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Old 12-10-2007, 03:51 AM   #1
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My front running light was out so I decided to try and replace it myself. I did so successfully but lost a screw. While looking for it with the hood open I discovered a piece of metal that looked like it was doing nothing. Before I knew it I had a bracket in my hand. I looked on the other side and discovered it holds the oval portion of the grill and headlight assembly to the fibreglass body. Anyone else have a problem with this bracket and how do I fix it so my headlights don't fall out.

Windsuferlady
Kingston, Ontario
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Old 12-10-2007, 03:51 AM   #2
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My front running light was out so I decided to try and replace it myself. I did so successfully but lost a screw. While looking for it with the hood open I discovered a piece of metal that looked like it was doing nothing. Before I knew it I had a bracket in my hand. I looked on the other side and discovered it holds the oval portion of the grill and headlight assembly to the fibreglass body. Anyone else have a problem with this bracket and how do I fix it so my headlights don't fall out.

Windsuferlady
Kingston, Ontario
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Old 12-10-2007, 04:22 AM   #3
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We had the same problem on our 01 Adventurer a few years ago. Last summer I took the grille out and reattached the bracket.

Ours is a 2 piece bracket with one half glued to the back of the grille. The second larger piece spans the smaller one with the legs touching against the fiberglass body. The 2 are held together with a single captured bolt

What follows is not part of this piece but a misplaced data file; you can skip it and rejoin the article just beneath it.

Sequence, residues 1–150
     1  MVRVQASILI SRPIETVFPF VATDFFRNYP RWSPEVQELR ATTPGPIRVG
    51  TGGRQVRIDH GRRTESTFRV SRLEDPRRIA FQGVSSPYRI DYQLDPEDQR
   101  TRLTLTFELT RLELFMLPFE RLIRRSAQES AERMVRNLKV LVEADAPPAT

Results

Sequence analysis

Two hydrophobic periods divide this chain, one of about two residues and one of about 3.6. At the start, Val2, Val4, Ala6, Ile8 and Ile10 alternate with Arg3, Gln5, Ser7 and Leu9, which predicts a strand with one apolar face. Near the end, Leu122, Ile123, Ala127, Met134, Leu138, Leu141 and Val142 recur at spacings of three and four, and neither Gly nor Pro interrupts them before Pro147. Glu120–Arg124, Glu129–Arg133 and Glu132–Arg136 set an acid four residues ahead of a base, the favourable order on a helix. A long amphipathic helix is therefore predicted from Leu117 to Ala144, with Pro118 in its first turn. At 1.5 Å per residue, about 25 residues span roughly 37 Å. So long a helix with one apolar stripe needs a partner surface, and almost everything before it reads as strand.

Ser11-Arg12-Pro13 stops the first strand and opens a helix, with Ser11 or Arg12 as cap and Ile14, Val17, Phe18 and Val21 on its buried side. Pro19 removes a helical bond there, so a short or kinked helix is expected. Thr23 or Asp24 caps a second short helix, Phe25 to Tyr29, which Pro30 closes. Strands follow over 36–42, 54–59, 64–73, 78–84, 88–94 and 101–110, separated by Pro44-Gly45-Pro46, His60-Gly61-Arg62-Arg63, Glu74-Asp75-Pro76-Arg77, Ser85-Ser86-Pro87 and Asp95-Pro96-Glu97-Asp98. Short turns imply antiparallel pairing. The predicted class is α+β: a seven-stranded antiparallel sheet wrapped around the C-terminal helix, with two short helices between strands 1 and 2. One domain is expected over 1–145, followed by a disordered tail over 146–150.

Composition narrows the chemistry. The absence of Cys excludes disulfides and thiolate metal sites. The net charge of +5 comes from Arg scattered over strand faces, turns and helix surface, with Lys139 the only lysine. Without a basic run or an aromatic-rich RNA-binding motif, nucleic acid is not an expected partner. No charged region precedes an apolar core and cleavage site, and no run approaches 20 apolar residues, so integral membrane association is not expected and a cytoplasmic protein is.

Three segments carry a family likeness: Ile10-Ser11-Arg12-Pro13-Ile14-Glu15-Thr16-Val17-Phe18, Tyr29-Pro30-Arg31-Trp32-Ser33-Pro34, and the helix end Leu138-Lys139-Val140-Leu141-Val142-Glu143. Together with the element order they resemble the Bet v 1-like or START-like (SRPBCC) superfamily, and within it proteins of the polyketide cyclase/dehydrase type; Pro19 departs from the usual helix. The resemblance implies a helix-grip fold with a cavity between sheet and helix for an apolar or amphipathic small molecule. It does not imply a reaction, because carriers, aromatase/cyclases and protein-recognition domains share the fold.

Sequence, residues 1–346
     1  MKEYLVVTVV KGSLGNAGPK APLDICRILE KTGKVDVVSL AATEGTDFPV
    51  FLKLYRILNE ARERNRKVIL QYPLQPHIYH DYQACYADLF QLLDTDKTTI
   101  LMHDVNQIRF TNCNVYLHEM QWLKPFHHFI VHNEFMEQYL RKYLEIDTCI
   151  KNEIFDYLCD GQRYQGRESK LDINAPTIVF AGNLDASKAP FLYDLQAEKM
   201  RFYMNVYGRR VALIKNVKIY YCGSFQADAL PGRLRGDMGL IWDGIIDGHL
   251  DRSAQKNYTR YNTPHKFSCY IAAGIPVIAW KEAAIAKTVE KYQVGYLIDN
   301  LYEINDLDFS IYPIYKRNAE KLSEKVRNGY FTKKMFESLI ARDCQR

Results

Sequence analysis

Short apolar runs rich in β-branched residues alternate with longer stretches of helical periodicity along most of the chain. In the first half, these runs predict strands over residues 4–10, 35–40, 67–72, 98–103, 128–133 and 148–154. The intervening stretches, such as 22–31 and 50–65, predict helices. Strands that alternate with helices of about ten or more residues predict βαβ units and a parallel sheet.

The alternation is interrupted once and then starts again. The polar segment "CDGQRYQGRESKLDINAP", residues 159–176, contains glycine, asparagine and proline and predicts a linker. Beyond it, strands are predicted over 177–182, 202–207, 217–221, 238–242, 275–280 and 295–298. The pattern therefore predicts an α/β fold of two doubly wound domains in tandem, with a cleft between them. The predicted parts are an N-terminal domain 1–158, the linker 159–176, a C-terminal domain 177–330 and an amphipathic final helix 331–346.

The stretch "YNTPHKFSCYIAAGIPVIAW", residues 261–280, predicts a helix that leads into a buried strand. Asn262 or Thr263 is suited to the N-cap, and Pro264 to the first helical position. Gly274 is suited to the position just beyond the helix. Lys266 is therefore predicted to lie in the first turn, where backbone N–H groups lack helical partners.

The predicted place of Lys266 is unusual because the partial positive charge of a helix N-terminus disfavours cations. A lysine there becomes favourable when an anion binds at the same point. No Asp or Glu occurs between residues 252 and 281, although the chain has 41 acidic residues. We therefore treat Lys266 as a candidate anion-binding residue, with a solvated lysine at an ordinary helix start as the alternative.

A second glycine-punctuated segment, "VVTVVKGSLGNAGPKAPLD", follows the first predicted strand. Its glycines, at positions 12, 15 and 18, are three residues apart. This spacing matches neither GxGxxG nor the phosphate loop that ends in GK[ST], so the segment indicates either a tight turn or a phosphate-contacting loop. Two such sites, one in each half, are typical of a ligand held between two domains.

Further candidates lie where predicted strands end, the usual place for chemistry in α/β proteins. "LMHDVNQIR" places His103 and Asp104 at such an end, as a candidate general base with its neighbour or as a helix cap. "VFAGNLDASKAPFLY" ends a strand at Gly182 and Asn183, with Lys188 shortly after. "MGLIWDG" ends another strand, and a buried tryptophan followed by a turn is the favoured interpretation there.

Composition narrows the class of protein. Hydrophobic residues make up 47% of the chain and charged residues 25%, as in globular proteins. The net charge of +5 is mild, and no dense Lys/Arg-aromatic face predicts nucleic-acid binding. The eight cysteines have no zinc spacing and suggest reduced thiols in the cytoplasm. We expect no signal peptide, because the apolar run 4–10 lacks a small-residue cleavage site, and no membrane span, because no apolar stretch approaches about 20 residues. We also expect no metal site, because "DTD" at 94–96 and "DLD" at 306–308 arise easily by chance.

on the inner piece passing through the outer one. There's a nut that pulls them toghther with the legs of the outer one putting tension against the body. Before you can remove the grille for repairs you'll also have to unlatch the grille assembly.

Be sure to disconnect the wires from all 4 headlights before attempting to remove the grille. It's easiest to crawl under the coach and unplug them before you attempt to unlock the grille.

In addition to the brackets there are 2 turn tab locks just inside the headlight extensions that also fasten the grille to the body. You have to flip the wingnut style handles up so you can grab them and rotate them 1/2 turn counter clockwise. The catch will then release from the body bracket. Swing the catch out of the bracket and the grille and headlight assembly can be removed.

One person can handle the assembly but it's easier if you have help. It's not that heavy but you can scratch the piant if you're not extremely careful.

Here's the text of the post I made earlier on how I reattached the brackets:

The grill on our Adventurer is held in place by 2 latches and a bracket behind each headlight assembly. Several years ago the right side bracket came unglued. We carried it in a storage compatrment until early this year when I heard about an adhesive others have used with success.
I bought a kit of SEM brand #39537 Weld-Bond Adhesive at a local body shop supply house and reattached the bracket. So far all is well. This summer we went over 12,000 miles through Canada and Alaska and it's still holding fine.

Some may say 12,000 miles isn't enough of a test but on the roads we were driving I would compare it to 30,000 miles in the lower 48. It got a real test on the Top of The World Highway. It was 110 miles of bone jaring, teeth rattling gravel washboard.

The kit consists of 2 tubes (hooked together to fit into a special applicator gun) of mixible adhesive and 2 mixing tips. It sells for about $47.00. The "special applicator" costs another $95.00 but you can easily adapt a standard caulking gun to do the job.

I unscrewed the round plunger plate from my caulking gun, made a flat plate with 2 holes (I believe 1 1/2" on center) and a third hole directly on center (where the original plunger plate attached). I screwed 2 carriage bolts in the outer holes with the heads facing towards the tube openings. Then assembeled the plate to the plunger, slid the adhesive tube in place and went to work. The special tip assures both adhesives sre well mixed as they are applied.

The product is meant to be used by body shops when they need to glue plastic outer panels to metal framework. The most common applications are for door skins and fenders. It's easy to work with and has a working time of 60 minutes in 70*F weather.

The whole process took only a couple hours including removing and preparing the grill, fabricating the bracket, and applying the adhesive. I let the glued assembly sit in the garage over night just to be sure there wouldn't be any problems.

Hikerdogs
2001 Adventurer 32V
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Old 12-13-2007, 08:35 AM   #4